HAVRE DE GRACE, Md. - Nicole Castrale went low in the opening round of the McDonald's LPGA Championship one time before yesterday, but ended that weekend limping out of town.

The 30-year-old Californian hopes to avoid taking a bad step this year, especially after her 7-under-par 65 in the first round of the second major tournament of the LPGA season put her in front by a stroke over rookie Anna Nordqvist of Sweden at Bulle Rock Golf Course.

Castrale bogeyed the 18th hole to lose a chance at matching her career low of 64, a score she initially shot in the first round of the 2006 event here. She followed that start with a 75 in the second round and then entered the LPGA fitness trailer for some quick treatment.

After she left the trailer, however, Castrale stepped on a drain and rolled her left ankle. She hobbled around the course posting scores of 74 and 76 the next two days, and turned what had been a promising tournament into a tie for 34th place.

"I went back to the trailer to get the ankle treated, and when I got home, my husband saw me and said, 'Oh, God, what happened?' " said Castrale, referring to Greg Castrale, who also is her caddie. "It ended up hurting for about two or three months."

Castrale came back to Bulle Rock the next two years and finished in a tie for 10th both times. So she harbors no ill feelings over what happened three years ago.

"I'm a huge believer that everything happens for a reason," she said. "I know that we're all going to face challenges in our life and we're all going to be stronger in the end."

Castrale and her husband are one of several wife-husband, player-caddie teams on the LPGA Tour, and the two worked effectively yesterday on a 6,641-yard course playing long because of wet fairways.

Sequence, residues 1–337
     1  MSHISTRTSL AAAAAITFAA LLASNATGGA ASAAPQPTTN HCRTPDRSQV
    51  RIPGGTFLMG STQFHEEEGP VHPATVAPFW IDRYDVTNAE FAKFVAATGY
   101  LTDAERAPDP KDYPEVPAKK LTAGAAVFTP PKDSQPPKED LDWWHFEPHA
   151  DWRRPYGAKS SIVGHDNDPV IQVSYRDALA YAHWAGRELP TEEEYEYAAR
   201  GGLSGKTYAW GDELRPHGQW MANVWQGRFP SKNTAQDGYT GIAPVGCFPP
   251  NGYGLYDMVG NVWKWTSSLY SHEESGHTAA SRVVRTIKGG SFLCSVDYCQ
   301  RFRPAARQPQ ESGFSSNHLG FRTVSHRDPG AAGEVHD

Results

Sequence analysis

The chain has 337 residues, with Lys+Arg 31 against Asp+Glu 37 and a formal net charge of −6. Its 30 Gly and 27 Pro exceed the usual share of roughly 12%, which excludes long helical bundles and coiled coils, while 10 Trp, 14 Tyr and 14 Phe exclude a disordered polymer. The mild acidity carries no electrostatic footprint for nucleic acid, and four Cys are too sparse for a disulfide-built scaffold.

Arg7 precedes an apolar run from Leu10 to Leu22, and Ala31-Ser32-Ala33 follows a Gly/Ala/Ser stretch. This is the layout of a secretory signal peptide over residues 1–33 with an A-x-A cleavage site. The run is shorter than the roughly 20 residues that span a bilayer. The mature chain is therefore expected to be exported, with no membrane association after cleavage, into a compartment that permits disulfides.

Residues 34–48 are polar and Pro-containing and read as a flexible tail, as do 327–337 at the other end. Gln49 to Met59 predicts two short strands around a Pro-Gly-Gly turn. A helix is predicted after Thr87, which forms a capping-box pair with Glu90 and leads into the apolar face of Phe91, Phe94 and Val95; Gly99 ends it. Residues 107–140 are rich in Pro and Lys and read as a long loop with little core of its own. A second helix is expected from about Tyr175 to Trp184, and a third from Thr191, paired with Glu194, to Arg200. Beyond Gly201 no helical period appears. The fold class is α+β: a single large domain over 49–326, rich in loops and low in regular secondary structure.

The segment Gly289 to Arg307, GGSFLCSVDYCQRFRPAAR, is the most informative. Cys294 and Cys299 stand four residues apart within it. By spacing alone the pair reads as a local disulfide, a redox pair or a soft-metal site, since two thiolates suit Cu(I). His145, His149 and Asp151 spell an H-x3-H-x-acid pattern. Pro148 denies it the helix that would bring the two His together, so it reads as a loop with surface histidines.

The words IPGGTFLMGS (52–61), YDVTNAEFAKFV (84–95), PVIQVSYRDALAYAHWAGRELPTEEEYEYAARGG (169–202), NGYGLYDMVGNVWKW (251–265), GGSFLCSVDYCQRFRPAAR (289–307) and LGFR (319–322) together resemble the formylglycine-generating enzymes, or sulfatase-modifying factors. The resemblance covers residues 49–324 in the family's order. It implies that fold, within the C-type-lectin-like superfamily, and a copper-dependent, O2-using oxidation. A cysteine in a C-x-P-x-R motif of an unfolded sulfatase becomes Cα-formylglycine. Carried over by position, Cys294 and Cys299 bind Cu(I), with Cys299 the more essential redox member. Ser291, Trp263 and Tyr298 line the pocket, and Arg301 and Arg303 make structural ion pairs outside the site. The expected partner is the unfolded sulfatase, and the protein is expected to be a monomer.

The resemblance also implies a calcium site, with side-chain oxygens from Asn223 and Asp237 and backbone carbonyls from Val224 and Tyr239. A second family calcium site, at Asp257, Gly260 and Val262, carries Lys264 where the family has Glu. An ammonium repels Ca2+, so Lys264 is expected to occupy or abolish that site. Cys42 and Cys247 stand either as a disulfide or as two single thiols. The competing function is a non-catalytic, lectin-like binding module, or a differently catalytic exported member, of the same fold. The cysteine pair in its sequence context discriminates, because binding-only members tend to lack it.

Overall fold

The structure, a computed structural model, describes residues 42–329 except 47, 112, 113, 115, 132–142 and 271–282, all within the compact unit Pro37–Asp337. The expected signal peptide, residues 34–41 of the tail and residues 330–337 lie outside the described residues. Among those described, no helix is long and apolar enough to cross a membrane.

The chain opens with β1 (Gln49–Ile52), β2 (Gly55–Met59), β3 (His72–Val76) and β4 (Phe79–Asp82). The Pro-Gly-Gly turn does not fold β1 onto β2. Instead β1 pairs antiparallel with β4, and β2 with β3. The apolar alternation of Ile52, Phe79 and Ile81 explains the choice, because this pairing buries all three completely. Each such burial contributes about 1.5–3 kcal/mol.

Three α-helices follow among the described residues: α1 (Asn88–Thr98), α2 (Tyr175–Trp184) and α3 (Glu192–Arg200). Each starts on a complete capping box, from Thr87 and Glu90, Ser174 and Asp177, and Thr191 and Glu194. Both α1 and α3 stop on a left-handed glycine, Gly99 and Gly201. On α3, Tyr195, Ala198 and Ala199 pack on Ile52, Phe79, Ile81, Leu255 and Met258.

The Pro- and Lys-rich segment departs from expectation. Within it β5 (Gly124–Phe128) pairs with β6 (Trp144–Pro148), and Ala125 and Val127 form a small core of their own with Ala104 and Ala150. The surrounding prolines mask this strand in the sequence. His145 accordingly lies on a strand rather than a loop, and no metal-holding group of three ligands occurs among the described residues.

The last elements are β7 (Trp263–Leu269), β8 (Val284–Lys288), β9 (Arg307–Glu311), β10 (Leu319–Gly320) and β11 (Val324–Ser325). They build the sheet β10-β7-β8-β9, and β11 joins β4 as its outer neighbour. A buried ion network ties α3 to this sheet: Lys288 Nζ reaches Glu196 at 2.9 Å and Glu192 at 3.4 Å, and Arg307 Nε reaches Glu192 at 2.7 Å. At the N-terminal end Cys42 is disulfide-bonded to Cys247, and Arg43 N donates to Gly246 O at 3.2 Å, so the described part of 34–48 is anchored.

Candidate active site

She got off to a great start, with birdies on her first two holes fueling a front-nine score of 30, a record for the five years the event has been played at Bulle Rock. She added birdies at the 14th and 15th holes to get to 8 under but bogeyed No. 18 after hitting her tee shot into heavy rough.

"If you miss the fairway, you're going to get penalized because the rough is extremely healthy, and good luck getting on the green if you're in it," she said. "It's a major. It should be tough. You should be penalized if you miss the fairway."

The leader board after the first round largely defied expectations, with eight career non-winners on the Tour among the top 10. China's Shanshan Feng shot a 67 for third place, and a seven-way tie at 68 included young Americans Stacy Lewis and Paige Mackenzie.

Michelle Wie, who surged with three birdies on the back nine, was involved in an eight-way tie at 70 with Inbee Park, the defending U.S. Women's Open champion, and Angela Stanford, the tour's No. 7 money winner.

"I missed a couple of short putts early on, but it was good, too," Wie said. "I've been working on my putting a lot, so hopefully it's a lot better."

Meanwhile, the top players struggled. Cristie Kerr, the Tour's leading money winner, shot a 76. Top-ranked Lorena Ochoa matched par at 72 in a group that included past champions Se Ri Pak and Karrie Webb.

Defending champion Yani Tseng came in with a 73, and Paula Creamer and Morgan Pressel were at 74.

That left second place to Nordqvist, who turned 22 Wednesday, played two years at Arizona State, and turned pro after the LPGA Qualifying Tournament. She carded seven birdies in posting her career-low round. Nordqvist said she was continuing to adjust to her life as a Tour rookie.

"You've got to learn to live this lifestyle," she said. "Traveling that much, not being home, you play week after week. That's something that's new to me. In college, you play a tournament, you have a week or week and a half off before you go to the next one. I think the biggest lesson is balancing everything."

Lisa Strom, a graduate of Lansdale Catholic High School, came in with a 76 that she said should have been better. "I gave myself some good looks at birdie on the final holes and just couldn't get anything to go in," she said.

Contact staff writer Joe Juliano at 215-854-4494 or jjuliano@phillynews.com.